As we traipse back to our new frontier, I briefly contemplate the irony of the situation. After a number of skirmishes in his early childhood Justin became greatly enamored of outings, to the point where I’d have i reining him in and exiting a locale with my skin intact. For years, he was game to try anything. He would often grab my hand and gather up his sneakers with the other, making a beeline for the front door and what I believe he perceived as greener pastures. His desire for excursions never dampened, even during blizzards or torrential downpours. Justin simply wanted “out”, and his mother, whose favorite part of teaching was always field trips, was perfectly happy to comply.
Over the past few years however I’ve watched this desire wane. We’ve tried employing multiple types of reinforcers, “rewards” to encourage our son to stay out, and engaged the services of a phenomenal behaviorist who enabled us to briefly extend our stays on certain occasions. Many of those strategies worked for a while. Over time however their efficacy has waned, and since I only have about thirty pounds on my kid, arguing with him is a moot point. My son’s idea of perfect bliss has morphed into staying home with a good movie in his DVD player, and an even better snack.
As a food enthusiast myself, I so get that urge.
But today I’m determined we’ll stay, and as we cross the threshold of the shack containing our equipment I feel Justin’s body relax, and in response I loosen my grip on the hand I have tightly clenched within my own. He is curious now, watches raptly as we all choose our clubs, is eager to select his favorite. Jeff and I decide (wisely) to forego the scorecard, and we head on out to hunt down our first green, a task which Justin, who rushes ahead of us, does for us.
And to our immense pleasure (and surprise), he does exactly that for eighteen consecutive holes.
There are a few blips here and there. At times Jeff doesn’t quite sink the ball fast enough for Justin, and he lets his father know in no uncertain terms. My eldest is not fond of waiting while Zachary “plays through”, and since there are no other patrons on the green, each boy is able to have his own playing field, which conquers that problem. Justin is ecstatic every time he sinks a put with our assistance. Every single time, Zach cheers him on from afar.
My child, who for almost an entire decade has only shown enthusiasm for movies or toys that light up and spin, loves mini-golf. Who knew.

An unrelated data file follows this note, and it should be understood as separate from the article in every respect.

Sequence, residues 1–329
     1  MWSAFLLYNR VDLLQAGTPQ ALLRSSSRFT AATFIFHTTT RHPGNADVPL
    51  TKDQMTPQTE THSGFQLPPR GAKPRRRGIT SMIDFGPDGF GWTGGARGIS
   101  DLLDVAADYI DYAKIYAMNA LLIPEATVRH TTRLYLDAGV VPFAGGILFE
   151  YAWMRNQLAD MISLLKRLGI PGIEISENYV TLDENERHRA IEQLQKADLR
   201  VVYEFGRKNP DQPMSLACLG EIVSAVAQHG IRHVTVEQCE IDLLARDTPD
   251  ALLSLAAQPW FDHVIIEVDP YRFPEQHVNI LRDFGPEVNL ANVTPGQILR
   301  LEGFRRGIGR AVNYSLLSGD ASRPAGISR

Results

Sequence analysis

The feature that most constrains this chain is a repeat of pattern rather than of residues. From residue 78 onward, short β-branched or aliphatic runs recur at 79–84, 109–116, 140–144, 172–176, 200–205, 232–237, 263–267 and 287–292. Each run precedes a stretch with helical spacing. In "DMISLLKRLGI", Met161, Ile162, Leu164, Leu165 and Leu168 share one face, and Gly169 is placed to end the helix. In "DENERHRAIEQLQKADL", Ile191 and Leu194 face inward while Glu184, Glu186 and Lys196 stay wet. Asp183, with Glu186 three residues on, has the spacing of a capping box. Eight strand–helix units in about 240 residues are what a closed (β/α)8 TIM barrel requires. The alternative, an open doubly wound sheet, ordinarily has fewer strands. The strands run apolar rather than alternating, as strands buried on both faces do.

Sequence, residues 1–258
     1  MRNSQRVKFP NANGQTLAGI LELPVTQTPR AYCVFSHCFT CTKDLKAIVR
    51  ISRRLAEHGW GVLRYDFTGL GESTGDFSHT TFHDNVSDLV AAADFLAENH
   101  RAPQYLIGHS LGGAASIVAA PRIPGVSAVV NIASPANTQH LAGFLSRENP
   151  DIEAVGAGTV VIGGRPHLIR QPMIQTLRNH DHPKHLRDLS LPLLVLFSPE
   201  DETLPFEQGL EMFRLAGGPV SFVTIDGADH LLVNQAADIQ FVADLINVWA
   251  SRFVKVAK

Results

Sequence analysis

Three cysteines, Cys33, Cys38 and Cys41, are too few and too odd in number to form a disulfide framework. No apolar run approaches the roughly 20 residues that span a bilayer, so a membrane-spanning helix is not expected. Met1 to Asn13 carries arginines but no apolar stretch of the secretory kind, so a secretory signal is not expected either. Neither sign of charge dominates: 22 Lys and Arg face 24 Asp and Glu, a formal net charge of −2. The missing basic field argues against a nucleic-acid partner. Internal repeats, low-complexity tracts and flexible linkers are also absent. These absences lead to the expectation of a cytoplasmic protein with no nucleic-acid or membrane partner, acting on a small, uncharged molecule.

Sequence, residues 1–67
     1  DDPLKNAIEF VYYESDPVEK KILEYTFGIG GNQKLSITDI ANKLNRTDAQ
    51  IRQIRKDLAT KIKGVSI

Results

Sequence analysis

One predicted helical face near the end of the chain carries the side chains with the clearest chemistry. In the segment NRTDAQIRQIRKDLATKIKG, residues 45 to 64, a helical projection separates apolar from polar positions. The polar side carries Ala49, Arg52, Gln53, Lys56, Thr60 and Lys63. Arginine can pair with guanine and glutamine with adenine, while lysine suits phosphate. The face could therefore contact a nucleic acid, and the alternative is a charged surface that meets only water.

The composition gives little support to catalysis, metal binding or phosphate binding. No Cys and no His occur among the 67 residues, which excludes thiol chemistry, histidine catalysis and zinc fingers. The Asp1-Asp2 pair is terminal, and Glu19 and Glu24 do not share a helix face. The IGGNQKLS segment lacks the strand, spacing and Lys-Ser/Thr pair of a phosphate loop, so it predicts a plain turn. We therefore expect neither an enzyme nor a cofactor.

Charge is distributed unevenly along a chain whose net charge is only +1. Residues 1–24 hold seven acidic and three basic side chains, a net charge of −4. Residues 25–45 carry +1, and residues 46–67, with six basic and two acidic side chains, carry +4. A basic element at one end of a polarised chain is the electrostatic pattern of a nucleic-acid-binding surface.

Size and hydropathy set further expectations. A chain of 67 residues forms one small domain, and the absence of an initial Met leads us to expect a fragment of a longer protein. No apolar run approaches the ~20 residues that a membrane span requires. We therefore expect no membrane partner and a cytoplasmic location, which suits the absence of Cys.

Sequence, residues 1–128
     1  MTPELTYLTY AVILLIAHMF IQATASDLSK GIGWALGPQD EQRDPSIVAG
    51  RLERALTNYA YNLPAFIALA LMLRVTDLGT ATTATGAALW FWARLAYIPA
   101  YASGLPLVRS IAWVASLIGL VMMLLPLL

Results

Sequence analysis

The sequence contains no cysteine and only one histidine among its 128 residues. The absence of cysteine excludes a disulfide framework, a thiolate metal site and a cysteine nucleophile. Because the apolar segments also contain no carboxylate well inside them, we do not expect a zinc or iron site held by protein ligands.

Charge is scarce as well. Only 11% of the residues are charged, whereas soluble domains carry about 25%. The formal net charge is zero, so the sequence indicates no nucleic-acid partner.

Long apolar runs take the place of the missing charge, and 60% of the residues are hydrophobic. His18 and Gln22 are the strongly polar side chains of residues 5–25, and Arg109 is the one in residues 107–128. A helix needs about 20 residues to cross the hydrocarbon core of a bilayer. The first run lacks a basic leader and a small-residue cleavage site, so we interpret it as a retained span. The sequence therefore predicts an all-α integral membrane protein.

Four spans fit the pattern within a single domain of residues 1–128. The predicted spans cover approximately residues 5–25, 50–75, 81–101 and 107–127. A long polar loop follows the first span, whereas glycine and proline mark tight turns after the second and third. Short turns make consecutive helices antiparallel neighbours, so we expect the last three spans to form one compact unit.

All too quickly our adventure concludes, and this time it is clear Justin will brook no opposition to the vehicle which will whisk him back to the films and toys he so covets. I smile with satisfaction because our family has found another avenue in which to be together, a way to mitigate the divide between the boys that only seems to grow deeper as they age. I remind myself that no matter how seemingly insurmountable the task at hand, we have to continue to try new things with Justin. We need to push and prod him at times to break through the rigidity of his type of autism, in the hopes he’ll discover a new activity that will bring him joy. Today, to my great delight, our extended stay worked.
And as always, his joy is mine too.
July 16, 2012
We reached the height of the ramp leading to the beach, and my smallest son exclaimed at the vista laid out before him of sand, surf, and lifeguards waiting to take him for the ride of his life. He rushed down toward their stand, proclaiming to all who would listen that “he’s going to surf!”. Zach finally stopped in front of their perch, stretched his arms out wide, and informed them that “he’s here”, and ready to go. He was in for the time of his life.
So was every kid with autism who participated in Brick Township’s fifth annual Autism Surfing Day last week.
Dan Santaniello, deputy director of the Department of Parks and Recreation who created the event, saw something similar transpire in Monmouth County, and wanted to offer a commensurate afternoon to children with autism in his home town. Since all the lifeguards involved donated their time, the program does not cut into Brick Township’s budget, an important consideration these days when taking recreation activities into account.
Gary Weitzen, executive director of POAC (Parents of Autistic Children) also located in Brick, has been promoting the event ever since to parents within the community. I found out about it four years ago while on their website and brought Justin, my then five-year-old son with moderate autism, to give surfing a whirl. The activity was not met with a great deal of enthusiasm (understatement of the year), and although we tried on subsequent years, Justin never took to it. Fortunately, he has his love of all things equestrian. We’ll leave the waves to his little brother.